Update 24/03/18: Not a shelter to report on this time but last night we held a volunteer debrief followed by a meal before parting ways for a period. Some volunteers couldn’t make it but most did along with their partners and some of our amazing supporters. It was a pleasant occasion and Mrs B excelled as she invariably does as chef for the night doing both Indian and an English roast. It was a happy occasion and there was a lot of positive feedback and interactions. Most are up for doing it again next season but for the now that seems a long way away. For me a break is welcomed but given the unmet homeless needs around me I dare say that won’t last long and tonight I will be joining the folk at Street Spirit. I am thankful to God that we were kept safe during the season and did a good deal of good, yet without getting complacent as today’s broken society reveals many broken people needing help to be restored.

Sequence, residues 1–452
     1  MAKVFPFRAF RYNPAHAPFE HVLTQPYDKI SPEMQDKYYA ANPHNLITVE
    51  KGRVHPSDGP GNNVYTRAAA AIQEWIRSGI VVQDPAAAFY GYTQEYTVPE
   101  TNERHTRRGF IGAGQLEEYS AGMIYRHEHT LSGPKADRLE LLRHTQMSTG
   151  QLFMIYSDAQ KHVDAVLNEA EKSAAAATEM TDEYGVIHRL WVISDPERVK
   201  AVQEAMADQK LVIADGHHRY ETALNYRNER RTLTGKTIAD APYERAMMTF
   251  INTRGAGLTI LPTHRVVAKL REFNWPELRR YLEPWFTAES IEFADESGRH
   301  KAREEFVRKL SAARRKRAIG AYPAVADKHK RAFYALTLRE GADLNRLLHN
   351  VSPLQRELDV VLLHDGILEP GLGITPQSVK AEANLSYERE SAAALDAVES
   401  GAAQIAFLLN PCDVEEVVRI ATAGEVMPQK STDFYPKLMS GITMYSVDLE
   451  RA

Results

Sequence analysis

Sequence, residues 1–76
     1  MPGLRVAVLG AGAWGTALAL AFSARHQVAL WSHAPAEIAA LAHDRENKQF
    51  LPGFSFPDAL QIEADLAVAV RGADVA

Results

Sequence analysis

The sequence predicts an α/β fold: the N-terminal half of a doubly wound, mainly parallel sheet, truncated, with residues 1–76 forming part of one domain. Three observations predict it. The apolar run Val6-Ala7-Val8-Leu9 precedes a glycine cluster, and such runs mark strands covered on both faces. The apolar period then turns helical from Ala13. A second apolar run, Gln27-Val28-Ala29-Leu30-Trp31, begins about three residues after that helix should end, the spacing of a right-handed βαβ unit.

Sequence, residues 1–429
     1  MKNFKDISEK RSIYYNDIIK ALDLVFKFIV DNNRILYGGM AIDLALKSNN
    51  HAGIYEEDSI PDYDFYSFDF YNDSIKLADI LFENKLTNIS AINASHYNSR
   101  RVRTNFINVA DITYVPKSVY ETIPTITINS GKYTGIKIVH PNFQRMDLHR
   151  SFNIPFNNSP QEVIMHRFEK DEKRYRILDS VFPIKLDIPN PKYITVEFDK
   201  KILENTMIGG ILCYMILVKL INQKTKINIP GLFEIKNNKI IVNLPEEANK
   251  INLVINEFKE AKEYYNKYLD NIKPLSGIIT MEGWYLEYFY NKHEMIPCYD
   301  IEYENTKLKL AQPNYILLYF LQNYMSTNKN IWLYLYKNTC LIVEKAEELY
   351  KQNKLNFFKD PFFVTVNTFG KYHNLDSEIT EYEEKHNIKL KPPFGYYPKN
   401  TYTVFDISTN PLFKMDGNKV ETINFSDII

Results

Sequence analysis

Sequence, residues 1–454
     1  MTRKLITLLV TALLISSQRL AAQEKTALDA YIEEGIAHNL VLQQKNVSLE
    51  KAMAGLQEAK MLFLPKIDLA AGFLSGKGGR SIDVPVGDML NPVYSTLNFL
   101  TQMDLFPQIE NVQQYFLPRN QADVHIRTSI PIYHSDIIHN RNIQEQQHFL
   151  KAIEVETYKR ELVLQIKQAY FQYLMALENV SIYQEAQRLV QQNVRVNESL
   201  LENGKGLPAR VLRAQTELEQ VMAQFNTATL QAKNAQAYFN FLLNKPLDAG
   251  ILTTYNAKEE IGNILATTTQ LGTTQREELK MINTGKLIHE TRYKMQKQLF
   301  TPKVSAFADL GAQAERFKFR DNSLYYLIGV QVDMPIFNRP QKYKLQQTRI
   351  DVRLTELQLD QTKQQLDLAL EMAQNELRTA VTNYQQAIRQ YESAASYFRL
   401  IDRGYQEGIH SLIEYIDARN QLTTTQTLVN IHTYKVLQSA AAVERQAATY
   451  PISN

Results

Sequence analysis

Update 07/04/18: This is my last entry to what has turned into a reflective diary of my experience managing one of the night shelters in the 2017/18 CWNS season. Things will be going quiet for a while on the CWNS front, having just attended the final managers meeting of the season. I daresay things will kick into life again in September in preparation for another season. Whether there will be a 2018/19 season remains to be seen but one is hopeful even though one of the churches will not be taking part and a number have still to decide. Most managers looked back at the season just gone with a degree of thankfulness we made it through the season and while there were many challenges like dealing with bad behaviour and maintaining a consistent approach, and some set backs, including getting guests into more permanent accommodation only for them to revert back to the streets, a lot had been achieved and we did help make a considerable difference in the lives of many. This is not a time to rest on one’s laurels though as the homeless need continues to increase and there are ways we can improve. For the time being I can take a step back although there will still be stuff to do on the homeless front and as tonight’s visit to our soup kitchen demonstrated there are many needy rough sleepers needing our help in a variety of ways, beginning as is generally the case, with a touch of human kindness. I hope to be back in some capacity for next year but that is not a decision I can make now. So watch this space and remember the needs are considerable and there are things each one of us can do.